McCOOK, Nebraska -- Depending on funds available, the McCook School Board of Education will take a "wait- and-see" attitude about when the building it purchased in September will house district vehicles.
At the regular McCook School Board meeting Monday night, McCook Public School Superintendent Grand Norgaard gave a brief presentation on recent updates underway at the former Nebraska Army National Guard building, that the district purchased in September.
The building, across the street from the high school, was purchased in September for $82,500 in a sealed bid.
The district has about $200,000 from the Special Building Fund for capital improvements, McCook Public Schools Business Manager Rick Haney said this morning.
Potential modifications include a bus barn to house the school districts vehicles, but this will depend on how the board wants this done, Haney said and "what they are comfortable with."
Concepts presented Monday night for the bus barn include extending the back of the building about 15 feet with a metal building. This would house all four of the yellow school buses as well as the district vans.
Another metal building, dug into a side hill, would accommodate the four, over-the-road school buses and an oil-changing pit, Norgaard told the board Monday night.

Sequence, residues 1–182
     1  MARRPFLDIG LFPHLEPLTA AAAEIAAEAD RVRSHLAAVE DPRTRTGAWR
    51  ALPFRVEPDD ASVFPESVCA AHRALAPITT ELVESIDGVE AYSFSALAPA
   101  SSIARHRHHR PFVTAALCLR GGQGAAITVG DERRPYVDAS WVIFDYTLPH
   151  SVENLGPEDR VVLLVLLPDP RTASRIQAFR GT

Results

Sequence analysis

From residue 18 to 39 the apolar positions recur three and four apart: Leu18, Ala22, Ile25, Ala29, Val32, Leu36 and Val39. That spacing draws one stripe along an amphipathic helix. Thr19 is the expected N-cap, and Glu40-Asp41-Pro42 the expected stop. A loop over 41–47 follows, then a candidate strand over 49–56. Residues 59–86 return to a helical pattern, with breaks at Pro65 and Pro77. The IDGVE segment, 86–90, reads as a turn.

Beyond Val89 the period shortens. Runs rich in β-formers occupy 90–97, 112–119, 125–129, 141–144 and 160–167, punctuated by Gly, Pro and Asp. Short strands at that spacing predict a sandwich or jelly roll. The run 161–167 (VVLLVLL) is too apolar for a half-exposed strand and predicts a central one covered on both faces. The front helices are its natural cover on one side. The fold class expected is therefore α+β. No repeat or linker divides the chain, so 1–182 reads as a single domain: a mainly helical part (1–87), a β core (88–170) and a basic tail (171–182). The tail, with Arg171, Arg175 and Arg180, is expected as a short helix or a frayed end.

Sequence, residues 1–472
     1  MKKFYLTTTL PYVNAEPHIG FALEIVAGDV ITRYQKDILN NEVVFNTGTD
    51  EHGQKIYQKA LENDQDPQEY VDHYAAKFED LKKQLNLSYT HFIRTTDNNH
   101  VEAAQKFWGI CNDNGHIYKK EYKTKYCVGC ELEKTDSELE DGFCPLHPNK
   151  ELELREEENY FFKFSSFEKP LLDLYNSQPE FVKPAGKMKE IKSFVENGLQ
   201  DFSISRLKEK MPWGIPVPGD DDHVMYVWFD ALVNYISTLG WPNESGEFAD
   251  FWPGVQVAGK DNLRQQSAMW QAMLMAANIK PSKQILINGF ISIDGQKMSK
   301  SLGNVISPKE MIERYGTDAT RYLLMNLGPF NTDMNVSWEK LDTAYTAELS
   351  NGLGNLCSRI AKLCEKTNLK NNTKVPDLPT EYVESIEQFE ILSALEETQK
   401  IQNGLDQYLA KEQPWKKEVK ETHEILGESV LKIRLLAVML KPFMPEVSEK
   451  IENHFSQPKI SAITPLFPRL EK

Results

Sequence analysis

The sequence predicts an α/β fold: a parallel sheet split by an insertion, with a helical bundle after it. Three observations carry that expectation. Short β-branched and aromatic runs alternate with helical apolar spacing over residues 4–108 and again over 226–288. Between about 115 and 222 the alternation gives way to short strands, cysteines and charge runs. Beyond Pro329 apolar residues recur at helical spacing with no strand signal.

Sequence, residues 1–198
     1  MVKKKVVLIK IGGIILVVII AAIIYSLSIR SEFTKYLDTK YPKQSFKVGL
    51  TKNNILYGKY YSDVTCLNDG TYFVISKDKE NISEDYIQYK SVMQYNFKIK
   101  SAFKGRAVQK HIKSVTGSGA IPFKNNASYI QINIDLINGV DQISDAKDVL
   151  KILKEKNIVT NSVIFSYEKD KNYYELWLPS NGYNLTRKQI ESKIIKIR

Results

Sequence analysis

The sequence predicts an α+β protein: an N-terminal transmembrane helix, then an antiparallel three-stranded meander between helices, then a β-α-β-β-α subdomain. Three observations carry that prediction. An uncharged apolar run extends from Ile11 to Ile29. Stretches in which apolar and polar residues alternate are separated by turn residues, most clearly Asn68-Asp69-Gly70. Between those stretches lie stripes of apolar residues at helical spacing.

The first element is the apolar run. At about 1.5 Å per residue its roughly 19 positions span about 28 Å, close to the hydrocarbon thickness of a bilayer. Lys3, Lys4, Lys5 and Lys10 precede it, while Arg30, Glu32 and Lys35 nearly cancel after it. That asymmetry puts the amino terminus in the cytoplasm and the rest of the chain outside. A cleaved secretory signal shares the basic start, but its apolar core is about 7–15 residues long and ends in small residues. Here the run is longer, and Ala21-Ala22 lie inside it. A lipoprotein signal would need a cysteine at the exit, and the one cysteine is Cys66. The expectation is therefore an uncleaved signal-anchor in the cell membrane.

Now, district vehicles are houses on Q street, with not all of them covered.
Improvements at the facility do not have to go through the bid process, Norgaard said after Monday's meeting, as state law requires bids only on single projects that are $40,000 or more.
However, local contractors with a reliable record, that have worked with the district before, are being utilized, Norgaard added.
Work currently underway include new lighting, three classrooms with removable partitions, with room for additional classrooms, new flooring for the gym area, a sprinkler system, a ADA bathroom and other improvements.
Before work began, the state fire marshal walked through the building and identified areas that needed to be addressed, Norgaard said.
Steps at the front of the building have been removed and wheelchair accessible ramp has been installed.
The lawn in the front of the building may take up to two years to complete, he said, due to the infestation of bindweed.
The gym, which is larger than the one in Central, will have the same flooring used at NCAA volleyball tournaments and at the Qwest Center in Lincoln and will not require yearly re-finishing.
Ample storage space is available in two areas, Norgaard said.
The majority of the interior work is anticipated to be completed by the first week in January, so students from the LIFT alternative education classes can attend.